New research conducted on animal subjects suggests that ketogenic diets help muscle stem cells survive stress, and scientists believe the same could be true for humans.
University researchers at Stanford Medicine conducted the dietary study on lab mice and published their findings in June to Cell Metabolism – a health science journal.
The study was implemented to investigate the effects high-fat, low-carb diets and short-term fasting have on muscle regeneration since there is little research on the topic.
Keto diets are a popular weight-loss tactic that people use by eating a high amount of healthy fats – typically broken down to 55% to 60% – while eating a low amount of carbohydrates – typically broken down to 5% to 10%. This puts bodies into a state called “ketosis,” which prioritizes fat as a fuel source and leads to reduced body fat over time.
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“We show that ketosis, either endogenously produced during fasting or a ketogenic diet or exogenously administered, promotes a deep quiescent state in muscle stem cells (MuSCs),” Stanford’s researchers wrote.
The popular ketogenic diet (keto diet) is a low-carb, high-fat diet that puts your body into ketosis, the process in which your body burns fat for fuel, rather than carbohydrates.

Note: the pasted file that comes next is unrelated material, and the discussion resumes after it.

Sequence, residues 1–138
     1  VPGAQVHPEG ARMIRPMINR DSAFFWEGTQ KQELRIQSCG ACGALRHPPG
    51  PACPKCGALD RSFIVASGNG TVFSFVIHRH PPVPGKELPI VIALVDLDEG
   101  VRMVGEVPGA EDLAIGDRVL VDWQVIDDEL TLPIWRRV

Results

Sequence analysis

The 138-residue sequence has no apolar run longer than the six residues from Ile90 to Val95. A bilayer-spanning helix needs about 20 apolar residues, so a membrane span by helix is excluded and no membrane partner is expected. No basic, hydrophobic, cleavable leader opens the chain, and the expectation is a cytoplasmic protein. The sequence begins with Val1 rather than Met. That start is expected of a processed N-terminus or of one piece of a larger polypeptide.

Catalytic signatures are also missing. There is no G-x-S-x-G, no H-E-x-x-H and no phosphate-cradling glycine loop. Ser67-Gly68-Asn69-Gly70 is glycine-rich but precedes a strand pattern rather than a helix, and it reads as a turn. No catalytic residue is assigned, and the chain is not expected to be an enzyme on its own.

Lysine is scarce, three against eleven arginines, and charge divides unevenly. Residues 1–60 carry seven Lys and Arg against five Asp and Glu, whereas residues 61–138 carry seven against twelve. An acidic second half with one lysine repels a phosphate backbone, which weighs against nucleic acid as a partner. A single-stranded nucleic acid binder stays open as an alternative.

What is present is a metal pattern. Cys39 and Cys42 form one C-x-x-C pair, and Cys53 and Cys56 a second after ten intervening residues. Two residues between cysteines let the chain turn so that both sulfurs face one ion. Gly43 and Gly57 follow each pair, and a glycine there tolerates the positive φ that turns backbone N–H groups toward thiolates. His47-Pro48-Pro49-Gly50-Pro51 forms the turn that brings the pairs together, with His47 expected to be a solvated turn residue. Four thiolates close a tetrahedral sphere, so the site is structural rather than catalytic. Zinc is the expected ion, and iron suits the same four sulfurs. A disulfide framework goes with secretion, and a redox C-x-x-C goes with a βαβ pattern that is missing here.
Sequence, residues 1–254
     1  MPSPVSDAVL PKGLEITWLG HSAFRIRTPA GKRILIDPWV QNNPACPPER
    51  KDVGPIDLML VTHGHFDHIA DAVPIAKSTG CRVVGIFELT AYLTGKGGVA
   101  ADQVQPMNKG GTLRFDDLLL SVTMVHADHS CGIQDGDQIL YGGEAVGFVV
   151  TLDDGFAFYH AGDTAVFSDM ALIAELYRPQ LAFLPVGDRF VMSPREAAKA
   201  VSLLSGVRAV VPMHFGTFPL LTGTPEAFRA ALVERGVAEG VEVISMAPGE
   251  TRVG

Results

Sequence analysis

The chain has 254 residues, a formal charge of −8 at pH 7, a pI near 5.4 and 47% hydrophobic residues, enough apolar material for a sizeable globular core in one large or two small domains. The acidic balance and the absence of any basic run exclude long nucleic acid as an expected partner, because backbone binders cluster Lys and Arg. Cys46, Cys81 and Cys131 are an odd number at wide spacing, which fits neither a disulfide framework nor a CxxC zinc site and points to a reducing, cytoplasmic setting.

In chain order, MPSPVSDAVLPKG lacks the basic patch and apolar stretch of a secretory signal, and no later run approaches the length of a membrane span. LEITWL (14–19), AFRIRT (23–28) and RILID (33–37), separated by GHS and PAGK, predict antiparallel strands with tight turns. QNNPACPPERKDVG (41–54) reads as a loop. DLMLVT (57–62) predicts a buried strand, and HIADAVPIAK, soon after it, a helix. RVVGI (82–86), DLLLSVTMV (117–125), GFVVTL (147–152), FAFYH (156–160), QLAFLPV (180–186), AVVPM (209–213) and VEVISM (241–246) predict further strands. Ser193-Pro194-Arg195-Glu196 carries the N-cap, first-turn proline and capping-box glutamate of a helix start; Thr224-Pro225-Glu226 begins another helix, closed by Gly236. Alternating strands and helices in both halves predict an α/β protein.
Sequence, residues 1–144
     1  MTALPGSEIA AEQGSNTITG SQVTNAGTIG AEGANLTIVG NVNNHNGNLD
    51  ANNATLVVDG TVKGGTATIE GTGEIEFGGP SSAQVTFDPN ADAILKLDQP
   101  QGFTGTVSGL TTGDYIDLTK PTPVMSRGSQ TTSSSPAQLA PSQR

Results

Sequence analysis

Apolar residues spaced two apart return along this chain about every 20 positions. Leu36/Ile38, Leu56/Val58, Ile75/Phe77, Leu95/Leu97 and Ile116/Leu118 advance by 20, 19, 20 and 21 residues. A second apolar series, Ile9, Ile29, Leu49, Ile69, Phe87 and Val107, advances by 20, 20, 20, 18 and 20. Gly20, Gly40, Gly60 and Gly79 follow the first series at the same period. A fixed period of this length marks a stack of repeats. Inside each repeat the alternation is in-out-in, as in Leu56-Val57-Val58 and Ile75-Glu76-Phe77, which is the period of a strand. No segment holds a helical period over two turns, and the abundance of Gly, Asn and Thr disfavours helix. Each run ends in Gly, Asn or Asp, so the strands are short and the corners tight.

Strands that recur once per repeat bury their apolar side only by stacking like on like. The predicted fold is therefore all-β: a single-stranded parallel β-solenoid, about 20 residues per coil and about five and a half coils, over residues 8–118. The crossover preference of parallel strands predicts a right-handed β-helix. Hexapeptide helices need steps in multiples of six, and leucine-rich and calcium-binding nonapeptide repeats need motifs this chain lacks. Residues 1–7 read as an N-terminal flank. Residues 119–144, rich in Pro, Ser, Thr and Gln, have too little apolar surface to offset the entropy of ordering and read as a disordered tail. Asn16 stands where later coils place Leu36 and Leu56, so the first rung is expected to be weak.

Fasting, on the other hand, appeared to slow “muscle repair both immediately after the conclusion of fasting as well as after multiple days of refeeding,” according to study results.
Lab mice underwent fasting periods that lasted between one and two-and-a-half days. The mice were “less able” to regenerate new muscle in their hind legs in response to injury compared to a non-fasting control group.
The rodent test subjects had an observable “reduced regenerative capacity” that lasted up to three days after the mice were fed again. Their weight returned to “normal” a week after the fast ended.
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Muscle stem cells in these test mice were smaller in size and “divided more slowly” compared to mice that didn’t have their feedings interrupted.
The cells were found to be “more…